HomeMedia CenterHRTF on mediaNew Naratif : Cambodia’s Showcase Island

New Naratif : Cambodia’s Showcase Island

Evictees were sometimes put up in relocation sites upwards of 30 kilometers from the city centre. “Most of them—99 percent—move back because it's too far,” says Sia Phearum, head of the Housing Rights Task Force. “They return to Phnom Penh to [become] a construction worker or moto [taxi] driver.”.


As central Phnom Penh has gentrified, lower and middle class Cambodians have been pushed farther and farther from the city’s core. Unremarkable houses in central neighborhoods like Boeung Keng Kang come with price tags clearing USD3 million—enough to buy a Tribeca loft or a refurbished two-bedroom in Notting Hill. The small but growing middle class have found more reasonably-priced places farther out. Phearum says he paid about USD70,000 for his house 10 kilometers from the city. He was able to afford it because of his relatively well-paying NGO salary, but others are not so fortunate.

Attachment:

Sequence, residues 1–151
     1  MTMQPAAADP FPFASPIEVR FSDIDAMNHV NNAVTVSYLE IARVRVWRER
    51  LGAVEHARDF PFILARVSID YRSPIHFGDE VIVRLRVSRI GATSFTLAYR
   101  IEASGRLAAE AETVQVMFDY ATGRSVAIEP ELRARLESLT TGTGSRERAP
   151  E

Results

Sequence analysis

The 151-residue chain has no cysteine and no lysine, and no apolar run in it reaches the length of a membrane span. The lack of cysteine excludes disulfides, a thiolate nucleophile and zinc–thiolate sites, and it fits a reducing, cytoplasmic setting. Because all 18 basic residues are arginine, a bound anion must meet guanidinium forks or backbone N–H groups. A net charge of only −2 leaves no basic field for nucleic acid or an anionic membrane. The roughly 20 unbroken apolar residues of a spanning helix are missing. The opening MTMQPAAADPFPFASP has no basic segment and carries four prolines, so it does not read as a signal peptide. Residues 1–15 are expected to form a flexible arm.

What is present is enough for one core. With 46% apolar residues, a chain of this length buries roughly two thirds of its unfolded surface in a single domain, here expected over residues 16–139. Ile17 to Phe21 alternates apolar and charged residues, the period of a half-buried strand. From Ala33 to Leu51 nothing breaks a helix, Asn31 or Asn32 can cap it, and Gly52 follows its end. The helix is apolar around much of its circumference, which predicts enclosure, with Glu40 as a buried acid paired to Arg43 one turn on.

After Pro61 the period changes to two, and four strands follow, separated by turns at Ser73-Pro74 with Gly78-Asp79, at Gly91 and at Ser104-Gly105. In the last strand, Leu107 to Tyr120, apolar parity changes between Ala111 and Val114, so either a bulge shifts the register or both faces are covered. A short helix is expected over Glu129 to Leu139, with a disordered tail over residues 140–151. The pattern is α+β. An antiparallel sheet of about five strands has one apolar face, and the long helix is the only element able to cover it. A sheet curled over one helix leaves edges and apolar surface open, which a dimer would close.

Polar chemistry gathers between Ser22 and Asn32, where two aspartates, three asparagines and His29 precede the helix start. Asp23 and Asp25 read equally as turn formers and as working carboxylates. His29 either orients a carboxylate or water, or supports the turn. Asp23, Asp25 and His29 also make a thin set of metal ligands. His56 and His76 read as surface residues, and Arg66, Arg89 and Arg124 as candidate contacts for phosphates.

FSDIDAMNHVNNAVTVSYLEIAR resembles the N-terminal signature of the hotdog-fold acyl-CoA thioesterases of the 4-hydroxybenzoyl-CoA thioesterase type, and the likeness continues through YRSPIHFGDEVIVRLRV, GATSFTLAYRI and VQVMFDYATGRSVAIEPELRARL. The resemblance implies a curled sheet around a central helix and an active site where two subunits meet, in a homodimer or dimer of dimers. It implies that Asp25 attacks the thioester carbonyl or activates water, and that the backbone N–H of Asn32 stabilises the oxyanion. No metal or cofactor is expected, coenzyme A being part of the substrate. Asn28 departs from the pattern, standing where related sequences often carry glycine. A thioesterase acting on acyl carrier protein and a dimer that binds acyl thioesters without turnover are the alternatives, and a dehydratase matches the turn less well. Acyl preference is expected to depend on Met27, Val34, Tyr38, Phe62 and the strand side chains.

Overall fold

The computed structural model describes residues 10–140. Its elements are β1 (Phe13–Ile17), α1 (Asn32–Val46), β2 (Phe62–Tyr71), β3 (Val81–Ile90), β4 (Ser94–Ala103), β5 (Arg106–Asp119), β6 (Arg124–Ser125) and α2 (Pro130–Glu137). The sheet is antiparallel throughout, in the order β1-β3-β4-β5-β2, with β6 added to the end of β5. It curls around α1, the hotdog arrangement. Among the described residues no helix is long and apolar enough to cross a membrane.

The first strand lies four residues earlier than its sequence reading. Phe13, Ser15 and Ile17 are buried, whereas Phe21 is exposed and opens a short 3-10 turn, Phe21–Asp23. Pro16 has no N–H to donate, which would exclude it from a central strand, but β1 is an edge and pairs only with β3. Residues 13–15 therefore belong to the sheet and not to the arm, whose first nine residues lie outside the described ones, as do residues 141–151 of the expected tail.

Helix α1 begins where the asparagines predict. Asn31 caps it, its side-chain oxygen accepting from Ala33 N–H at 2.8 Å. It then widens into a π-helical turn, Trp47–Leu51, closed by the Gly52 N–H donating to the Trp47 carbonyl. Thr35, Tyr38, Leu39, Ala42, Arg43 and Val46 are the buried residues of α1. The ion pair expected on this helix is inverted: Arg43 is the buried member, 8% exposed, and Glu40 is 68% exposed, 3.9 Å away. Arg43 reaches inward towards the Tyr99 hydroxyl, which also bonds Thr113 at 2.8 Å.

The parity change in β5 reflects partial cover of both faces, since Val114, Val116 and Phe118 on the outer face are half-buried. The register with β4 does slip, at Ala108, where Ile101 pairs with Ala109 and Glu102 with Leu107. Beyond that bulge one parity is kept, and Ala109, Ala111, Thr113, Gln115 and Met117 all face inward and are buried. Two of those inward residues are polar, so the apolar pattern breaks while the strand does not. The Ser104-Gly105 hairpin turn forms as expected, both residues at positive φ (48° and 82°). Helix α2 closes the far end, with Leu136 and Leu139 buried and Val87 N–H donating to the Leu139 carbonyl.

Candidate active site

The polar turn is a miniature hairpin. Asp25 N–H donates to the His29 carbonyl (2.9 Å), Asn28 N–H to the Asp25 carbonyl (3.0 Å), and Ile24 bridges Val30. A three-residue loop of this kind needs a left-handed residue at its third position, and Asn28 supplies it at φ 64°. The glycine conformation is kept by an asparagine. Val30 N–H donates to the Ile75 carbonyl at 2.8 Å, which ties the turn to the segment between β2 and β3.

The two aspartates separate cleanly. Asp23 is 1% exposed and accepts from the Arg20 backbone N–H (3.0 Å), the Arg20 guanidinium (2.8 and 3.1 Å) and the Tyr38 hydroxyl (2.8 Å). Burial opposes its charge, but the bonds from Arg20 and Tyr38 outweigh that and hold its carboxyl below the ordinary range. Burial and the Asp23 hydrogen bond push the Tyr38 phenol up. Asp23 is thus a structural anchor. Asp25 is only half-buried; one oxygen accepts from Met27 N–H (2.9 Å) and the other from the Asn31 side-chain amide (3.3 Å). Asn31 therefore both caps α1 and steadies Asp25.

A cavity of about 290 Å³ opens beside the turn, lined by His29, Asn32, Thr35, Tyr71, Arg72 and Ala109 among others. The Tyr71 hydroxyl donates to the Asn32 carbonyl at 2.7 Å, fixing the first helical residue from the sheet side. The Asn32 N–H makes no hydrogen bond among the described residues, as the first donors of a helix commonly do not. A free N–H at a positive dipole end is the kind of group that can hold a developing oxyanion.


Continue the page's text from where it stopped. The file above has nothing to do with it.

“The majority make only USD1,500 per year, so what can they do?” he asks. “Since 1993 until now, the government and the developers just favor the rich or the upper-middle class… I have found one or two or three companies who develop affordable housing. It’s just a start.”

Source : New Naratif on January 8, 2018


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